Schizophrenia is a chronic pathological condition affecting the brain characterized by periods of delusions, hallucinations, distorted thinking, confusion, lack of focus, and concentration problems. It is believed that around 1-2% of the population in the United States suffer from this disease. As of now, there is no cure for Schizophrenia but research is ongoing to find newer ways of treatment to make the quality of life of patients much better.
Among the extensive research that is being done to go into more depth about the etiology and causative factors for this condition, several things have come to light.
Among these is the link between nicotine dependence and schizophrenia. There are various studies that suggest that schizophrenics tend to have high nicotine dependence. They use smoking as a way of self-medicating themselves to get rid of the deficits they have as a result of this disease. They feel that with smoking they can manage some of the deficits they have like lack of motivation and lethargy or problems with focus and concentration.
Research suggests that nicotine has some effect on the functioning of the prefrontal cortex which is the area of the brain that is responsible for decision making and memory. It is this area of the brain that is affected the most in people with schizophrenia. This article goes into detail the effects that nicotine has on the brain in people with schizophrenia and what is the link between this condition and nicotine.
How Nicotine Can Help In Treating Schizophrenia?
Research suggests that there is a significant decrease in activity of the prefrontal cortex in the brain in people with schizophrenia. It is this area of the brain that not only is responsible for problem solving and memory but also keeps the body calm in stressful conditions. A new study published recently in the journal Nature Medicine has made a suggestion that nicotine actually may be able to help people with schizophrenia.
Researchers from University of Colorado along with a team of researchers from Paris set out to study the cause of the decreased activity of the prefrontal cortex and how is nicotine linked to an improvement of the function of this area of brain. They also studied the association of the CHRNA5 gene mutation with schizophrenia. They analyzed various previous studies which substantiated a clear link between the mutation of the CHRNA5 gene, smoking, and schizophrenia.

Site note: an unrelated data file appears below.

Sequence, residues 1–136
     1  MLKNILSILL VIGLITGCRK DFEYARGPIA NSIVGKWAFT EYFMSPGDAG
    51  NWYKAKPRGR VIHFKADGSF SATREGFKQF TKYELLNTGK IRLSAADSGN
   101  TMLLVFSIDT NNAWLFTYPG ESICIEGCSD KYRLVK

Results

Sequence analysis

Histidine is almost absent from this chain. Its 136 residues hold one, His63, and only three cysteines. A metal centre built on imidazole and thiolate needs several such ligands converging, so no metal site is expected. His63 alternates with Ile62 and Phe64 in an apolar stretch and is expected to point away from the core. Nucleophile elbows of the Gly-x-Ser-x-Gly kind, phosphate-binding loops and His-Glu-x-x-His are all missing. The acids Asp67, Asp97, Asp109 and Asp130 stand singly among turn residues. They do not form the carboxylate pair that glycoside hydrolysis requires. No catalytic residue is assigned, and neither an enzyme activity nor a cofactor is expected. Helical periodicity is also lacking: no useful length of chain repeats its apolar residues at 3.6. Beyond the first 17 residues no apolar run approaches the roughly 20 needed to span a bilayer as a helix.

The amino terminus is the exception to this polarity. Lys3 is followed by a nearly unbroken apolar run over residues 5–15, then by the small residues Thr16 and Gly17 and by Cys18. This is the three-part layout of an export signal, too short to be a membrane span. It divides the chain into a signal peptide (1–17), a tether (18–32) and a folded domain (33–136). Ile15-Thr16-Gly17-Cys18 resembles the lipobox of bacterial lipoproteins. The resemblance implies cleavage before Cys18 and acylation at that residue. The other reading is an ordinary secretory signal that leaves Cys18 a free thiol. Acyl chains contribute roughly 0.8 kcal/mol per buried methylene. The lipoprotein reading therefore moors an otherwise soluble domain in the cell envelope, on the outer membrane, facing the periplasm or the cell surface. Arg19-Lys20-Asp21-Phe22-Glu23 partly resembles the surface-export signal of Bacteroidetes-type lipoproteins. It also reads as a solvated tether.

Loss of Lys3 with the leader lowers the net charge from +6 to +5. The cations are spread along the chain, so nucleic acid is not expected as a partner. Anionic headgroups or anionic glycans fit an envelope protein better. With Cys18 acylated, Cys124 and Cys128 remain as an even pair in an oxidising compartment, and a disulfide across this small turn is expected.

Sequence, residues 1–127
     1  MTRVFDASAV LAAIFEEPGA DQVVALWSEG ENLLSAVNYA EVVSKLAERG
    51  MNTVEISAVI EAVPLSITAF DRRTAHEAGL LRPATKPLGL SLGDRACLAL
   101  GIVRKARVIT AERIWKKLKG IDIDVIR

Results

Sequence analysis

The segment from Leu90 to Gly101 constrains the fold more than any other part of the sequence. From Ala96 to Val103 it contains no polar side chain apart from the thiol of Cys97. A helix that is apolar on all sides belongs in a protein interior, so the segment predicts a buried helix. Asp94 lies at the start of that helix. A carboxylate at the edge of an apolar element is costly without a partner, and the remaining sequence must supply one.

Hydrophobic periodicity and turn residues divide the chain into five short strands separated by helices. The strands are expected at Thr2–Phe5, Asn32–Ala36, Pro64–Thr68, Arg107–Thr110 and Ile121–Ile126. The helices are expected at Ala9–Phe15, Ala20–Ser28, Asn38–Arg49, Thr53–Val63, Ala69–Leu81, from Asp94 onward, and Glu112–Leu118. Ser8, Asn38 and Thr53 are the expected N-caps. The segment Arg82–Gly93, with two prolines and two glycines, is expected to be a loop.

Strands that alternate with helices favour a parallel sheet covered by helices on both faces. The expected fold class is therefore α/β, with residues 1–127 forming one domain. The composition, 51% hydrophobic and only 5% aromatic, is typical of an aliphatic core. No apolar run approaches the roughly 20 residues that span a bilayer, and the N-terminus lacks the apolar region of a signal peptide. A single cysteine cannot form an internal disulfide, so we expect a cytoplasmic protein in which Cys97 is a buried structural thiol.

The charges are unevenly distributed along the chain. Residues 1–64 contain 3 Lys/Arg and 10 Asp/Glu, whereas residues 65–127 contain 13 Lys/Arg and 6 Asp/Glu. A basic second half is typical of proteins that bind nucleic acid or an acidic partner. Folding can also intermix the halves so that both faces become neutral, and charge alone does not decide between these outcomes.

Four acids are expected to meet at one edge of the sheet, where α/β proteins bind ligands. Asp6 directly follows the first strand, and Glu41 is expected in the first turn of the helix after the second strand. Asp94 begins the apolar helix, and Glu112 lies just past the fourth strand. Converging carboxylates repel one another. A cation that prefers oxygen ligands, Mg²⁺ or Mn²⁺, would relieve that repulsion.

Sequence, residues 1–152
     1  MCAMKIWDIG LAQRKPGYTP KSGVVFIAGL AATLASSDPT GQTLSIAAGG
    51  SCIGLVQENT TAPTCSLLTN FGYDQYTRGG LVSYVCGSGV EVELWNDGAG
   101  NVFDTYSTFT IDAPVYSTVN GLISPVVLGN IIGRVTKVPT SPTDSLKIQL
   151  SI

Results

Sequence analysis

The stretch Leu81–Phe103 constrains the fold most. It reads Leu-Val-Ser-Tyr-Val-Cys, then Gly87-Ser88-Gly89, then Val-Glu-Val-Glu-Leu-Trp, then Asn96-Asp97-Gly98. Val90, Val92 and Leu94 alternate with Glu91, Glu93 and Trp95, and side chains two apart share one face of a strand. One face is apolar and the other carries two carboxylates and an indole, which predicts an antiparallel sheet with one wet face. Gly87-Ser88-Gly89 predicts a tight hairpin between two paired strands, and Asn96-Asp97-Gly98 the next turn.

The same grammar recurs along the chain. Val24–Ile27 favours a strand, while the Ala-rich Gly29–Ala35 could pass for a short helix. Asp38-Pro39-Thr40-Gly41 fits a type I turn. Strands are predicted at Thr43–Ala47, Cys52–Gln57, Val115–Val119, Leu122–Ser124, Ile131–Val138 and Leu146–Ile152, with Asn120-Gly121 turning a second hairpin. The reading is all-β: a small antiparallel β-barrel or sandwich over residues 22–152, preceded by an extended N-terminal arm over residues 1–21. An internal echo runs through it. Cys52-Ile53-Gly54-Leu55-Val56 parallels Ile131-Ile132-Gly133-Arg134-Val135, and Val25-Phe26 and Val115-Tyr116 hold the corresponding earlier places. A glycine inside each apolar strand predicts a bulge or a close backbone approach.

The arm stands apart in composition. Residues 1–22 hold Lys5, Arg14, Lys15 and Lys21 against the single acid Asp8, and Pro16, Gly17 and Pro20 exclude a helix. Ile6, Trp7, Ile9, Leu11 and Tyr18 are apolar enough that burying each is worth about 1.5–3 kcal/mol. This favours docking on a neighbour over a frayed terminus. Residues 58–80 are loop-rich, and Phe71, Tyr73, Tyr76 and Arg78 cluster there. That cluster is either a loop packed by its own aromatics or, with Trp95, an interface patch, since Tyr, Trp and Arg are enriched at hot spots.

The researchers observed from analyzing the data that nearly 90% of people diagnosed with schizophrenia were active heavy smokers. They also observed a link between the cigarettes smoked per day to the polymorphic variation of the CHRNA5 gene. The question that was in the mind of all the researchers was whether the symptoms seen in schizophrenics, especially those related to memory, focus, and concentration, were triggered by this gene variation and if so how nicotine can help in stopping this process.
For this, they conducted research on mouse models that had CHRNA5 gene and showed behavioral problems in social interactions. Specifically, they analyzed the mice that had single-nucleotide polymorphism in CHRNA5 gene, which is known to increase the risk of smoking and schizophrenia. They made use of brain imaging technique and observed that the mice clearly had symptoms seen in people with schizophrenia. There was decreased neuronal function as that seen in people with this disease.
The researchers then administered nicotine in the mice and observed for any change in the neuronal activity. They were surprised to see that there was a complete reversal of neuronal activity and a dramatic change in the symptoms. In fact, there was significant improvement in the cognitive function of the mice models. The researchers believed that this was why schizophrenics who smoked tended to find improvement in their condition after smoking.
The researchers are of the opinion that this finding will pave the way for a non-addictive nicotine based treatment for people with schizophrenia. They feel that the study is conclusive enough and substantiates that a specific genetic variant increases the risk of this condition with a clearly defined mechanism and that nicotine has the ability to reverse its effects.
The researchers feel that along with schizophrenia, other psychological disorders linked to decreased prefrontal cortex activity like attention deficit disorder, PTSD, and bipolar disorders can all be helped with non-addictive nicotine based treatments. The researchers believe that it is a huge medical development and may hold the key to future development of a treatment for conditions like schizophrenia.
In conclusion, schizophrenia is a chronic disorder of the brain that is characterized by delusions, hallucinations, and cognitive impairment. Studies have suggested that schizophrenia patients have a decreased activity of the prefrontal cortex which is the area of the brain used for memory, decision making, and even keeping the body calm in stressful situations.[2,3]
Studies also show that most of the people with schizophrenia tend to be heavy smokers as they find cigarettes to be of immense help in calming down their symptoms. With this in mind, extensive research was carried out in mice models. The results of the study showed that nicotine actually increased neuronal activity in the prefrontal cortex and improved the cognitive symptoms in mice models.[2,3]
This clearly established that nicotine in fact can help people with Schizophrenia. In fact, it has opened up new channels for a non-addictive nicotine based treatments for people not only with schizophrenia but with other disorders linked to decreased activity of the prefrontal cortex like ADHD, PTSD, and bipolar disorder.[2,3]
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